c) Requirement of legal capacity?
Legal authors discuss the question whether the ‘entities’ which pursue an economic activity and which therefore qualify as undertakings need to have legal capacity. One has to consider that legal capacity is not a necessary requirement for applying the substantive competition rules to entities; following the purpose of the competition rules, the provisions encompass every entity with or without legal capacity as long as such entity is capable of being a party to an anti-competitive agreement or abusing a market dominant position. The question, however, also relates to a procedural aspect, namely against whom the competition authorities should direct a decision, eg prohibiting an anti-competitive agreement. The correct addressee of such a decision is—if the concerned undertaking itself lacks legal capacity—the owner of this undertaking with legal capacity. Cases in which the organizational unit pursuing economic activity and the entity having legal personality over that unit are not identical have come up in the field of corporate groups and with regard to state action in the economic sector.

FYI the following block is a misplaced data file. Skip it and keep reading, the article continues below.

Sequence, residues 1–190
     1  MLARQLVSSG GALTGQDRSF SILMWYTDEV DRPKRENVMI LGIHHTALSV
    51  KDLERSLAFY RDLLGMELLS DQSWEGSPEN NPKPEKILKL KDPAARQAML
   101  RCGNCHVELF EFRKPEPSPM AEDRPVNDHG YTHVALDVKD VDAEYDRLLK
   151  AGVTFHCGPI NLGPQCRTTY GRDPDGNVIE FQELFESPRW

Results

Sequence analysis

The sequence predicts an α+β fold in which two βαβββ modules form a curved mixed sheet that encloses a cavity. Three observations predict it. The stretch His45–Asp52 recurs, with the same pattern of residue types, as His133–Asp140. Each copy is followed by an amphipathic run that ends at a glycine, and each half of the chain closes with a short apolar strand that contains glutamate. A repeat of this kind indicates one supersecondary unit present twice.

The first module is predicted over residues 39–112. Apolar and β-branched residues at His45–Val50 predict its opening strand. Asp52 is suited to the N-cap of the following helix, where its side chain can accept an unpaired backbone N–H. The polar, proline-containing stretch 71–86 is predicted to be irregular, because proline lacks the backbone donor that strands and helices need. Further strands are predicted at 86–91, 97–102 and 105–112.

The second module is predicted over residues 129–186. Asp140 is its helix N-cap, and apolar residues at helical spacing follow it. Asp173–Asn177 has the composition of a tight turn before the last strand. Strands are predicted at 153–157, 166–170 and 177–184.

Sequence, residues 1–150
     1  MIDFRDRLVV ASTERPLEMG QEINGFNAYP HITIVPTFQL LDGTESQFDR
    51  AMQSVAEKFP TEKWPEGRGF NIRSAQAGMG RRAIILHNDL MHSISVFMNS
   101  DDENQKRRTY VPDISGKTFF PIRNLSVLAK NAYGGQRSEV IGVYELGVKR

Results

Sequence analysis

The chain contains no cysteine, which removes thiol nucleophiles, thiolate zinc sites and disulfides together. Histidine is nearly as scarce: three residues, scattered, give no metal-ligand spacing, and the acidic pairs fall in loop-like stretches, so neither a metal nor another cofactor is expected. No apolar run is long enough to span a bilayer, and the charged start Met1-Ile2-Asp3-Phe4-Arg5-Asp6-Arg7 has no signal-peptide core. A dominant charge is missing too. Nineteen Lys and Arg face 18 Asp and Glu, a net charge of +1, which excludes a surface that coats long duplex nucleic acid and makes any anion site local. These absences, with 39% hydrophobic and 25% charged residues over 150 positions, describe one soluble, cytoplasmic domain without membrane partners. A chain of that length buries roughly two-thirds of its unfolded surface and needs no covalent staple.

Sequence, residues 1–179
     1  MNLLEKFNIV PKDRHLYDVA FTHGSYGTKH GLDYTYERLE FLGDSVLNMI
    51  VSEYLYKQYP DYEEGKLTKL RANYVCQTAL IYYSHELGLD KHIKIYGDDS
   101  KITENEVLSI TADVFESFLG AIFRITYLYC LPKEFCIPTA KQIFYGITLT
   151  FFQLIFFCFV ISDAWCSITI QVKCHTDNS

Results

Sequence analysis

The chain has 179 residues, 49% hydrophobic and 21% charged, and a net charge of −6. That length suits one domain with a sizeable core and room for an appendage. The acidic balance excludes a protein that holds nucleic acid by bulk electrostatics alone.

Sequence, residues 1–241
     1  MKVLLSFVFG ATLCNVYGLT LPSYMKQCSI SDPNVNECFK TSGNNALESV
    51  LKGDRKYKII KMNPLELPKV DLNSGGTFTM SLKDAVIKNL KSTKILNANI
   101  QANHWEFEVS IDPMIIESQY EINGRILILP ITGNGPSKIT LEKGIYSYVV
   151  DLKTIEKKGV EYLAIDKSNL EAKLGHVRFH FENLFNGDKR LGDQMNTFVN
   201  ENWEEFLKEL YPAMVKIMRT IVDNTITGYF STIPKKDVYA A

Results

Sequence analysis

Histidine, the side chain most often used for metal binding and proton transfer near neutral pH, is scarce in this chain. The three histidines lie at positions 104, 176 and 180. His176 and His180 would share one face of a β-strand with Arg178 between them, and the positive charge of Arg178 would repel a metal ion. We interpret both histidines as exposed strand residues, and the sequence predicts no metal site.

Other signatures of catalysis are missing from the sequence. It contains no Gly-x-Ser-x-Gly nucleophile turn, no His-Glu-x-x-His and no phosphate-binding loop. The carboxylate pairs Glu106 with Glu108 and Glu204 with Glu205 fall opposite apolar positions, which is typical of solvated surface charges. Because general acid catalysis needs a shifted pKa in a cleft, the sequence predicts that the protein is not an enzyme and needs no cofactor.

d) Associations of undertakings
Article 101(1) TFEU also designates, besides undertakings, associations of undertakings as addressees of the prohibition of anti-competitive agreements in order to fill a gap for the protection of competition. Such a gap would exist if undertakings had the opportunity to conclude anti-competitive agreements through such associations without violating Art 101(1) TFEU. Associations of undertakings are combinations of undertakings which serve the purpose of furthering the interests of their members, for instance, for the representation of the interests of a certain economic sector to the public. The applicability of Art 101 TFEU does not depend on the internal structure of the association of undertakings. By the same token, Art 101 TFEU does not distinguish between associations of undertakings organized under private law on the one hand and public law on the other hand.
2. The substantive scope of application of the competition rules: the interstate effects clause